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Small-Town Wyoming Sisters Use UW Education to Reach Higher Goals

August 30, 2016
two women standing by railing with vast area of greenery and a rocket gantry behind them
Lori Sandberg (left) and her sister, Julie (Sandberg) Read, pose for a photo at NASA Kennedy Space Center for the last space shuttle launch in July 2011. (Lori Sandberg Photo)

Growing up on a wheat farm in rural Wyoming, the Sandberg sisters often looked to the big night sky and thought of the possibilities.

Now, they don’t have to wonder what’s up there, because the graduates of the University of Wyoming have careers and opportunities that allow them to see it. Julie (Sandberg) Read and Lori Sandberg are examples of what is possible if you dream big, and use UW’s resources to help you get there. They both received degrees through the UW College of Engineering and Applied Science (CEAS).

Julie (Sandberg) Read

Read grew up in Albin about 30 miles east of Cheyenne on the Wyoming-Nebraska border. The town had about 187 people, and she was part of the last graduating class for the town’s high school.

She now calls Houston home and is enrolled at Texas A&M University in pursuit of a Ph.D. in aerospace engineering. She remembers her time at UW as a valuable experience in terms of personal growth and education.

“The professors are so personable and cared about our learning,” Read says. “UW is focused on teaching students. You need to learn the basics of your field. It was a nice setting to know that your professors always had time for you, which is not necessarily true at a bigger university. That gave me a strong background.”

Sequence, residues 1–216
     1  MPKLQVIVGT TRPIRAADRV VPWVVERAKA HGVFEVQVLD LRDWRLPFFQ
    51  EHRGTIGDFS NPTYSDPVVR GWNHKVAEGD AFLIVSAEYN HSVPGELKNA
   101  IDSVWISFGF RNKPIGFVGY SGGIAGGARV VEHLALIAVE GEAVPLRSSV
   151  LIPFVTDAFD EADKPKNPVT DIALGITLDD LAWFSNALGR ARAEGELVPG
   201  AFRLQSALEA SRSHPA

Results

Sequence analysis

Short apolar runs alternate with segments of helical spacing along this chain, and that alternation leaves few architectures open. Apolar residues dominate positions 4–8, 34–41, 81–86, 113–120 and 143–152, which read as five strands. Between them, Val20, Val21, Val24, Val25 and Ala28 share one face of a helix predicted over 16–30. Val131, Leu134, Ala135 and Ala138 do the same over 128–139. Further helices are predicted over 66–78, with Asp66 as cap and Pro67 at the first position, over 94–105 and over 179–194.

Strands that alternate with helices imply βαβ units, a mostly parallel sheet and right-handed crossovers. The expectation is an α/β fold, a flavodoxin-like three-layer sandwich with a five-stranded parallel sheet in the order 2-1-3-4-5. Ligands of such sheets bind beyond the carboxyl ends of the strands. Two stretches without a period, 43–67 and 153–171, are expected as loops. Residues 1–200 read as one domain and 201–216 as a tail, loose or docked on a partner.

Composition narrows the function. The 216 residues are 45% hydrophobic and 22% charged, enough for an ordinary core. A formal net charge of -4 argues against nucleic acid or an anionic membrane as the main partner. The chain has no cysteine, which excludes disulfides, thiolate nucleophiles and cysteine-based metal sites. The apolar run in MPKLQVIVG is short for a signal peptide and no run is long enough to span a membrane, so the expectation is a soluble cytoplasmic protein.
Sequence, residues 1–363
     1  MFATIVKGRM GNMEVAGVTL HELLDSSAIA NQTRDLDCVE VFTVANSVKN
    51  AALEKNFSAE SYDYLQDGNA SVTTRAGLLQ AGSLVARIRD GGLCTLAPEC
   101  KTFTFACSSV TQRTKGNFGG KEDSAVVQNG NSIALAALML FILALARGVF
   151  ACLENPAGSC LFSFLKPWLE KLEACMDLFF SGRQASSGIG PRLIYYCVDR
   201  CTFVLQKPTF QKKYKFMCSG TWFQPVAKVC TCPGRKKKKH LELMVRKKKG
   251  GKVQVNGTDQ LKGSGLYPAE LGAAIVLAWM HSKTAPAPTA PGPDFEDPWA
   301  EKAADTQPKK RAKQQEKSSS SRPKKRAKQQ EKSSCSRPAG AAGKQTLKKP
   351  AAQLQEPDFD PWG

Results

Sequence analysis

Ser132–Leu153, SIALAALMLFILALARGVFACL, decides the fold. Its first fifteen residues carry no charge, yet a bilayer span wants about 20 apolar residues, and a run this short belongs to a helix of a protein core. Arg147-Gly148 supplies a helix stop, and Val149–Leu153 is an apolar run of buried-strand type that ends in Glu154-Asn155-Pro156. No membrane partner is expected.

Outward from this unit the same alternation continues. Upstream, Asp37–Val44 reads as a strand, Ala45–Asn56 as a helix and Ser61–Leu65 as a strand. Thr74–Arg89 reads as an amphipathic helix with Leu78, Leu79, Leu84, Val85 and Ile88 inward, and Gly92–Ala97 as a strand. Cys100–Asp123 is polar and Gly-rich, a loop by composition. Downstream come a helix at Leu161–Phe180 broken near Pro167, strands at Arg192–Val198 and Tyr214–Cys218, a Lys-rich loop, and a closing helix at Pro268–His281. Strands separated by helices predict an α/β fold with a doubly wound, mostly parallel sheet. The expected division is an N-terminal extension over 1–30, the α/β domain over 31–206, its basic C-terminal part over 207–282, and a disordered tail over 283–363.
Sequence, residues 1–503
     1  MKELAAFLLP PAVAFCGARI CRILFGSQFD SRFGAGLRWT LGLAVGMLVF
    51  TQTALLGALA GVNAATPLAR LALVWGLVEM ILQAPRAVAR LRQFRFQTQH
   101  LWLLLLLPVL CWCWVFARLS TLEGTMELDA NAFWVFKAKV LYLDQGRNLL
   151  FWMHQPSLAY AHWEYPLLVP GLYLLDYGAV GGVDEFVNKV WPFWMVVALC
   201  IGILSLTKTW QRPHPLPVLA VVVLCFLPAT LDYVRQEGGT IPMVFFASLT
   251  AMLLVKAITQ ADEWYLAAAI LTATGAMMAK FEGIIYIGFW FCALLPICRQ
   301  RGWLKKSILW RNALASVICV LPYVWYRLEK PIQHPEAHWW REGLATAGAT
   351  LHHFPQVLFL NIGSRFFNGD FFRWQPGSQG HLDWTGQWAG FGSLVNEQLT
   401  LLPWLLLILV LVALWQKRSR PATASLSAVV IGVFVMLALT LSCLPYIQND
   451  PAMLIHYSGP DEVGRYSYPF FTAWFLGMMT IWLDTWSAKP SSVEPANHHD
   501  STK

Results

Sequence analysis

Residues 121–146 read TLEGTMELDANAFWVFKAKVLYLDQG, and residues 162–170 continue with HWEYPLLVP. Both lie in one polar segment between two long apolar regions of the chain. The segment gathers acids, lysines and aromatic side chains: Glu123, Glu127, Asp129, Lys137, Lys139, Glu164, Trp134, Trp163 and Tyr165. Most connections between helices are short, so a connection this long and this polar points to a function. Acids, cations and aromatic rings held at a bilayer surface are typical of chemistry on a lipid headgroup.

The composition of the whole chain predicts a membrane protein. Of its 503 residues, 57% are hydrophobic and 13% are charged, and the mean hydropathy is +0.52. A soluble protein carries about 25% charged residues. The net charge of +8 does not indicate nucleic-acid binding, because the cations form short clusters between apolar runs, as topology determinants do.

She also had the opportunity to participate in programs such as the national engineering society Tau Beta Pi (TBP), the UW Experimental Program to Stimulate Competitive Research (EPSCoR) and had multiple internships. She credits TBP for helping both she and her sister improve communication and leadership skills.

“Those experiences helped me get my first job, get into graduate school, and I hope will look strong on my resume to get my next job. It was really easy coming from UW to participate in those opportunities,” Read adds.

Read led the way for her sister, enrolling at UW after participating in the Engineering Summer Program (ESP). Her parents both attended UW, but Read had no idea what she wanted to study.

woman sitting at long desk with equipment in room

Julie (Sandberg) Read sits in a control room at a NASA facility in Houston. (Julie Read Photo)

“I didn’t know what an engineer was until I found out from ESP,” she says. “I felt comfortable with the campus. Moving from a town of 180 people to what seemed to me like a big town, it was a little intimidating. UW has a good engineering program, which is what I was interested in.”

She ended up with a bachelor’s degree in electrical and computer engineering in 2007. She earned a master’s degree in aerospace engineering from Texas A&M and, after her master’s, she worked for more than two years for aerospace contracting company Odyssey Space Research. But, her quest wasn’t over. So, she enrolled for her Ph.D. and hopes to have that by Christmas 2016. She commutes to College Station for classes.

Along with her schoolwork, she has an internship at NASA’s Johnson Space Center in Houston. She hopes to integrate her research in the organization’s software. If astronauts are headed to space and need to abort the mission, software tools can help figure out the best path home, especially if they lose radio contact. Once she graduates, she hopes to work for NASA, a return to her roots from her time at UW and the Wyoming NASA Space Grant Consortium.

“I’ve wanted to work for NASA my entire life,” Read says. “They funded three internships for me. Those really helped get my career going, and it’s how I got my first job.”

Read always had her younger sister in mind when she pursued difficult areas of study.

“We grew up on a farm outside of town, so we spent a lot of the time together,” she says. “It was nice because we are close and, because I’m older, I always felt she looked up to me. I tried to do a good job at school, not just for me. I thought if I can do something, she’ll think she can do it, too, and be successful.”